FRAUD         2041      2555      1641      1537      1657      1534      1096
EMBEZZLEMENT   110       118        91       104       128        89       118
KIDNAPPING     456       454       446       423       366       329       237
BRIBERY        279       263       281       416       333       361       316
 
Convicted Prisoners
              1980       1981     1982      1983      1984     1985      1986
 
TOTAL         9191      7500      9294     11419     13592     15528     11906
 
---------------------------------------------------------------------------
3.5. Criminal Justice Resources Statistics
 
CRJ Personnel
              1980       1981     1982      1983      1984     1985      1986
 
POLICE                           69288               76715               76092
PROSECUTORS                       1520                1525                1540
PROF.JUDGES                       1765                1715                1731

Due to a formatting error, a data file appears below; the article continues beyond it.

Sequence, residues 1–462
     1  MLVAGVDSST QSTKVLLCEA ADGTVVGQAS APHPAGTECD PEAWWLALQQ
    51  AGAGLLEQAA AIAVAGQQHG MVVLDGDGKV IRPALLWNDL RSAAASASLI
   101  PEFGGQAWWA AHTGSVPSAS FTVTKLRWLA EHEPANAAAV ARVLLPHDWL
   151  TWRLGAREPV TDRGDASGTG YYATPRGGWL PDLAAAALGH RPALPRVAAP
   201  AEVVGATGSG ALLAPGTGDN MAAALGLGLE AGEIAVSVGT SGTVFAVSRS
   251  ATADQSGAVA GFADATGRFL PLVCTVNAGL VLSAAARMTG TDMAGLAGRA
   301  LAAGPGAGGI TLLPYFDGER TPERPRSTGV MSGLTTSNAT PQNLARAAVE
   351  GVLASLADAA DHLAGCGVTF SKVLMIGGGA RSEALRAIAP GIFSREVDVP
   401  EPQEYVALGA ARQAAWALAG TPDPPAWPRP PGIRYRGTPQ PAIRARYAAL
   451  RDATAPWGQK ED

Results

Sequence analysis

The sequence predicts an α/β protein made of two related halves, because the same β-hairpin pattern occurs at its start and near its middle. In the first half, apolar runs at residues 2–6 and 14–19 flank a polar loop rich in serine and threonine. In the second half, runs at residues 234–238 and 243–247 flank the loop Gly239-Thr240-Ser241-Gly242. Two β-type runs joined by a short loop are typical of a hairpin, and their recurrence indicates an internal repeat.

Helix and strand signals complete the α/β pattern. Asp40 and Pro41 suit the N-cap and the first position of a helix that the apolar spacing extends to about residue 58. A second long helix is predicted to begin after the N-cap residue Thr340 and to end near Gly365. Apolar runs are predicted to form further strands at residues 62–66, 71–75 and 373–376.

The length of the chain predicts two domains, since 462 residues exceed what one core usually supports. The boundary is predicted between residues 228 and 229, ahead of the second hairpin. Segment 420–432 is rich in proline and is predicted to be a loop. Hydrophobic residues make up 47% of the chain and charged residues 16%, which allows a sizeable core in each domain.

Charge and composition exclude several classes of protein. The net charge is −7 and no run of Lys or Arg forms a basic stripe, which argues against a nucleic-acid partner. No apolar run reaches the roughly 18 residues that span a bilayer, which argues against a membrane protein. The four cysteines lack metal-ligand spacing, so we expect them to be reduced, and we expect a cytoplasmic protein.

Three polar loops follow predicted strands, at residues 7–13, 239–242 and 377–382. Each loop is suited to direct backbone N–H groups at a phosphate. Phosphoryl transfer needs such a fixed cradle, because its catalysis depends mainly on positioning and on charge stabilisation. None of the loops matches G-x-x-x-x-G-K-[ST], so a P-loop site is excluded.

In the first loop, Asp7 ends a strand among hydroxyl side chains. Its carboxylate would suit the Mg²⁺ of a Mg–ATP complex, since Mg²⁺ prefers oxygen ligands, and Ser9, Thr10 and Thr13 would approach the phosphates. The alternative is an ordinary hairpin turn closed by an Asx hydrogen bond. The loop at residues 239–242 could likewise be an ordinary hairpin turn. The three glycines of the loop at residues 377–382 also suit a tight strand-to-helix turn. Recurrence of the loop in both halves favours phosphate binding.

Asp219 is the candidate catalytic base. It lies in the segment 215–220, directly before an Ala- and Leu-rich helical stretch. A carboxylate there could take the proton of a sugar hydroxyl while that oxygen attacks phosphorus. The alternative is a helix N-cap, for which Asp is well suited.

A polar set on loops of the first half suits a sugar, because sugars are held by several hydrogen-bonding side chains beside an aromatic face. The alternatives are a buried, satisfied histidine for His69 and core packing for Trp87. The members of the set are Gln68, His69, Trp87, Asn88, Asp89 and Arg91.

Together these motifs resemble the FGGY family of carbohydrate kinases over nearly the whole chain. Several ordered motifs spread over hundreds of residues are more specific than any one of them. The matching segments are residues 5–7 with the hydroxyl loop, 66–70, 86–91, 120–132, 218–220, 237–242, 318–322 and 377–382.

MAN.STF.-ADULT                    1372                1668                1912
CUST.STF.-ADULT                  19120               22021               22788
TREAT.STF.-ADULT                  1960                2769                4287
OTHER STF.-ADULT                  1050                1108                1559
TREAT.STF.-JUV.                    709                 741                 702
 
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4.0. Selected Issues
 
---------------------------------------------------------------------------
 

TRAITOR McCain

jewn McCain

ASSASSIN of JFK, Patton, many other Whites

killed 264 MILLION Christians in WWII

killed 64 million Christians in Russia

holocaust denier extraordinaire--denying the Armenian holocaust

millions dead in the Middle East

tens of millions of dead Christians

LOST $1.2 TRILLION in Pentagon
spearheaded torture & sodomy of all non-jews
millions dead in Iraq

42 dead, mass murderer Goldman LOVED by jews

serial killer of 13 Christians

the REAL terrorists--not a single one is an Arab

serial killers are all jews

framed Christians for anti-semitism, got caught
left 350 firemen behind to die in WTC

legally insane debarred lawyer CENSORED free speech

mother of all fnazis, certified mentally ill

10,000 Whites DEAD from one jew LIE

moser HATED by jews: he followed the law

f.ck Jesus--from a "news" person!!

1000 fold the child of perdition